Pork Chops Fairly Plain

While cooking the different pork chop recipes – Pork Chop Evelyn and Pork Chop Breaded– I felt my understanding of cooking the meat still lacked something. Yes, the recipes are good and flavorful, and I strongly recommend them. Herein, I am going to look at cooking pork chops with a minimum of flavor. And did they ever come out moist! And yes, I am sorry that I didn’t take any pictures of the cooked pork chops.

Pork Chops Fairly Plain


  • an Oven Safe skillet
  • 1/2 teaspoon paprika
  • 1/2 teaspoon garlic salt
  • 1 inch thick pork chops

Preheat oven to 425 degrees.

On a plate, mix the spices and spread them for dipping the pork chops. Dip both sides of the pork chops into the seasoning.

Spray a skillet with non-stick spray. Place the pork chops in the skillet and cook over medium-high heat for 3 minutes on each side.

Place the skillet with pork chops in the oven and bake them for about 20 minutes; the internal temperature of the chops should be about 150 degrees.

Remove the skillet from the oven and tent the chops while the meat relaxes and stops losing moisture- about 5 minutes. Then serve.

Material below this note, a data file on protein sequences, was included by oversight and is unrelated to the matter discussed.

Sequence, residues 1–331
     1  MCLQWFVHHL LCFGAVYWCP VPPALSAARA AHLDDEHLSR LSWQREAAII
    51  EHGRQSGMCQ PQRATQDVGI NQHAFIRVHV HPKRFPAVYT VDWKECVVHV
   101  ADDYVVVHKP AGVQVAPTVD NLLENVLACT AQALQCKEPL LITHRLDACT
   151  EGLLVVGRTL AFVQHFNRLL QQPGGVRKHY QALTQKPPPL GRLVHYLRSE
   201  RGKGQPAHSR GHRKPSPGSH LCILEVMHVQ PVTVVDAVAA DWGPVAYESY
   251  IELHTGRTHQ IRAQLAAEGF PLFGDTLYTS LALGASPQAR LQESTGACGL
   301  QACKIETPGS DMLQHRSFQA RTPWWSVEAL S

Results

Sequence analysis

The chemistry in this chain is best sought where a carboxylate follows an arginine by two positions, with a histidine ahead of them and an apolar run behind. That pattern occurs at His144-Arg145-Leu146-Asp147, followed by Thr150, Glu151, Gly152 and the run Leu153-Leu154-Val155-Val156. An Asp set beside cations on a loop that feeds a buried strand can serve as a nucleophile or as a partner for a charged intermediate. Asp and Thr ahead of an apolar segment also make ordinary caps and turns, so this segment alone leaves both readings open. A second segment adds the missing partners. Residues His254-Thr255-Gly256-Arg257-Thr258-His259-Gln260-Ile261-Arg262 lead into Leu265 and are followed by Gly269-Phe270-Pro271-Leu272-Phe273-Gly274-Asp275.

If you lack an oven-safe skillet, you can move the pork chops from the skillet to a baking dish that has been sprayed with non-stick spray.

I actually used my thermometer that I introduced you to when I published my Dilly Bread recipe in the center of a pork chop to establish the time it took for the internal temperature to get to 150 degrees. In my oven, that was only about 15 minutes. I strongly suspect with the times I give in the other pork chop recipes that we might be over-cooking the chops. That could be because the recipes come from my parents’ generation when pork was cooked well in all cases.

Pork should be cooked from 145 degrees (rare) to 160 degrees (well done) in the center of the meat. If at all possible, I would recommend using an oven safe thermometer the first time you try this recipe; then you will have knowledge of your ovens heat transfer characteristic. Also, the thickness of the chops will make a big difference- thicker taking longer and thinner taking less time. As I noted, my chops were about 1 inch thick.

Once you develop this technique for cooking your pork chops, you can try other seasonings. Almost always you will find that garlic as one of the flavors. I believe that rosemary is also quite common. I have noted soy sauce and ginger are also common in marinating pork, so they might be flavors to include.

I hope that this recipe can give you a starting point for understanding pork chops and how to cook them with a minimum of flavoring to go with the other dishes of your meal.

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